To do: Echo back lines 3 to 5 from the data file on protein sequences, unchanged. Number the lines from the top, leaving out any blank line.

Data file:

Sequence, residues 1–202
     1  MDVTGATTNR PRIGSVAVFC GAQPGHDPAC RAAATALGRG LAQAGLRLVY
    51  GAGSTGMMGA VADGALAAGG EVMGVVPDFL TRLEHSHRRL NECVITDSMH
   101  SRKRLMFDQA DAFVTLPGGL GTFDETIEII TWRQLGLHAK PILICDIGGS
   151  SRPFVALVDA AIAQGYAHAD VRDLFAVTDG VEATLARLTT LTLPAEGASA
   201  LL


    51  GAGSTGMMGA VADGALAAGG EVMGVVPDFL TRLEHSHRRL NECVITDSMH
   101  SRKRLMFDQA DAFVTLPGGL GTFDETIEII TWRQLGLHAK PILICDIGGS
   151  SRPFVALVDA AIAQGYAHAD VRDLFAVTDG VEATLARLTT LTLPAEGASA